In your company, are financial analytics, quality and human resources functions contributing to profit and growth, or are they creating roadblocks? In many companies these functions take one of two forms: they’re either traffic cops, measuring failure, erecting roadblocks to progress and slowing down profit production and customer satisfaction, or they contribute to continuous improvement, accelerate profit and growth and improve staff behavior at all levels. Do either of those roles sound familiar?
A December 2015 article in the Wall Street Journal discusses the evolving role of metrics and the function known as Financial Planning & Analysis (FP&A). FP&A works on data analytics, forecasting revenue and earnings, budget analysis and even employee raises. Measuring the right things can have dramatic impact, like increasing foreign sales at GoDaddy and boosting same store sales by 2.2% at Dunkin Donuts. FP&A can accelerate execution benefit the company, but it can also be a wet blanket that smothers activities and damages results.
In some companies, FP&A measures only budget to actual performance and causes frustration at several levels in the organization. It can seem as of FP&A is trying to catch people failing and micro managing activities. According to the article, many FP&A departments have hazy mandates and lack influence with leaders. 61% of FP&A managers said their analyses were only used selectively.
One type of quality department focuses exclusively on preventing mistakes and avoiding substandard products. Many quality departments seem to stop more things than they enable, slowing momentum and growth. The other type creates competitive advantage by ensuring that products meet or exceed customer expectations.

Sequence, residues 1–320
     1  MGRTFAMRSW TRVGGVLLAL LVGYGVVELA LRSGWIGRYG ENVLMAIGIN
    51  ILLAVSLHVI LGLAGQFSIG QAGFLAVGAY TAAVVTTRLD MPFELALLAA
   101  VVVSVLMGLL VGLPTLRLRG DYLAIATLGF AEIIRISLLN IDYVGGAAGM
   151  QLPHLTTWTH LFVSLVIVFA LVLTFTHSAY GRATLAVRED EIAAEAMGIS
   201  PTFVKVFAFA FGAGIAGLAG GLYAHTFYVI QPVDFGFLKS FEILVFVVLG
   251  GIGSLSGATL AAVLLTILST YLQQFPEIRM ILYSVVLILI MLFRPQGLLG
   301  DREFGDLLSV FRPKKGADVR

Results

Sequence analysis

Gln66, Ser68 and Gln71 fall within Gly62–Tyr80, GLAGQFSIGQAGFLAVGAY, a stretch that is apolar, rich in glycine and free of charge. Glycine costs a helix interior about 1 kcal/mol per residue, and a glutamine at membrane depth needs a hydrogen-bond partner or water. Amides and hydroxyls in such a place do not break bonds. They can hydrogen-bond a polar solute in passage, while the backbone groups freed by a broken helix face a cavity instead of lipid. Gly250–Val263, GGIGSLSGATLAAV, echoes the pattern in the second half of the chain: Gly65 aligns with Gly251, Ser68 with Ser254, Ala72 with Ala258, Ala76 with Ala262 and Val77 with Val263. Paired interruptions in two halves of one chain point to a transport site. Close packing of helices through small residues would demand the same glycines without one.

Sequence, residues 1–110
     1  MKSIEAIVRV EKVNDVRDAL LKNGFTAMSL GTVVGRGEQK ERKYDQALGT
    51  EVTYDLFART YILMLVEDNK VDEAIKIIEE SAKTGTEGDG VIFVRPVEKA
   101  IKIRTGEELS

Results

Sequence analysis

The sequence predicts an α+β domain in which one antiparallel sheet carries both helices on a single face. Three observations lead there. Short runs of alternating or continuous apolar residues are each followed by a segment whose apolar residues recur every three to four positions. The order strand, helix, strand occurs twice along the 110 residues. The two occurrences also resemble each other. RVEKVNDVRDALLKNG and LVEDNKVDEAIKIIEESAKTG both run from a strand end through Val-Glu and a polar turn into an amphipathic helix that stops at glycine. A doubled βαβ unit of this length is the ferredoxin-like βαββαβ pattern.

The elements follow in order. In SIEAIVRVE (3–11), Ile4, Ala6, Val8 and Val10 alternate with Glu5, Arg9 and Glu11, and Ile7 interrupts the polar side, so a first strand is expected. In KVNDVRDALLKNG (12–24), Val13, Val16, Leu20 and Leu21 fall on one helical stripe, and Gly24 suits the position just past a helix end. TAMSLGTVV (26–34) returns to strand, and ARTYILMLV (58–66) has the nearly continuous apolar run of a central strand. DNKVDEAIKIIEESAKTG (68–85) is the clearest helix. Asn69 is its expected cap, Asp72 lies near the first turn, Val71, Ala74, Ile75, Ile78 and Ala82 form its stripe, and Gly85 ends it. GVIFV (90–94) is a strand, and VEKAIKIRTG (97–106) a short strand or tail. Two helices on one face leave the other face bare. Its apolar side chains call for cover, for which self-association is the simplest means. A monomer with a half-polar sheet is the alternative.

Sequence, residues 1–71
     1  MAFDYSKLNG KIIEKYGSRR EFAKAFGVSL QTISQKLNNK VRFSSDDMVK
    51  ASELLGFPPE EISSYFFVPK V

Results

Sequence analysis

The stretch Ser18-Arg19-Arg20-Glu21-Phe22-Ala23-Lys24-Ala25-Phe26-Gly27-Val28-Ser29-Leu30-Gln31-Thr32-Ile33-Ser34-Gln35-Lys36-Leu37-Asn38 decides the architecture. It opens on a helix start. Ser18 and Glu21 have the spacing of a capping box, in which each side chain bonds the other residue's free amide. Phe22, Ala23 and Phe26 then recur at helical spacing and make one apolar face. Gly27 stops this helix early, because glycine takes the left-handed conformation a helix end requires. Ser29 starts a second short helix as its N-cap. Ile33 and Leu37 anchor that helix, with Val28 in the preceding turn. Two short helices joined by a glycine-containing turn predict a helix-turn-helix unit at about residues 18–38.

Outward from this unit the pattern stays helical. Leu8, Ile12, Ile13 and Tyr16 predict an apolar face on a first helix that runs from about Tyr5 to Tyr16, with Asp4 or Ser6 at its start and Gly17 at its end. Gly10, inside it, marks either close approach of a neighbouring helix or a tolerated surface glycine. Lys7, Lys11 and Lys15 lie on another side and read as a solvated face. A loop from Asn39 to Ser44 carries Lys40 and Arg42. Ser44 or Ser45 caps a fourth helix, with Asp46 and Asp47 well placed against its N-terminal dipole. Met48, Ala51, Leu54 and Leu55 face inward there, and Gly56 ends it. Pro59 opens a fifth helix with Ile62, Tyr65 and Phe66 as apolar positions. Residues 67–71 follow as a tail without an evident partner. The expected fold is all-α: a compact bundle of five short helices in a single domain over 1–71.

For example, in one company, while the quality engineers measured incoming materials from suppliers and monitored the finished product quality, they also worked with suppliers to improve their processes and partnered with internal manufacturing engineers to improve productivity and reduce production cycle times. They focused on results, which encouraged profitability and growth.
Human resources has the potential to serve only what I call the “keep from being sued” function, spending a great deal of time ensuring that laws are upheld, drug tests are given and that people are hired and fired properly so the company doesn’t get in trouble. While all of these functions are certainly important, this is often where the activity ends.
More forward looking HR, exemplified by Xerox in the 1980s, takes care of all of the above as baseline activities and then focuses on developing people as company assets. HR leads the way in developing empowered teams and creating and administering training programs, not just for legal needs but also for team leadership, skills improvement, Lean, metrics, and more. HR can also develop incentive programs that yield results and develop hiring processes such as those used by Zappos to help support the organization’s culture. HR can play a significant role in accelerating profit and growth if they focus on these future-oriented areas rather than just the nuts and bolts.
From the Flight Deck
When financial analytics, quality and human resources focus on the overarching goal of process improvement, they become strategic resources for the company. Instead of playing the traffic cop, they become the green light for growth and profitability.
Does your company have strong, well-focused support services? Do they help accelerate profit and growth? When they partner with operations and supply chain and with the company as a whole, they help create an agile culture that will run way ahead of the competition.
© 2016 – Rick Pay – All Rights Reserved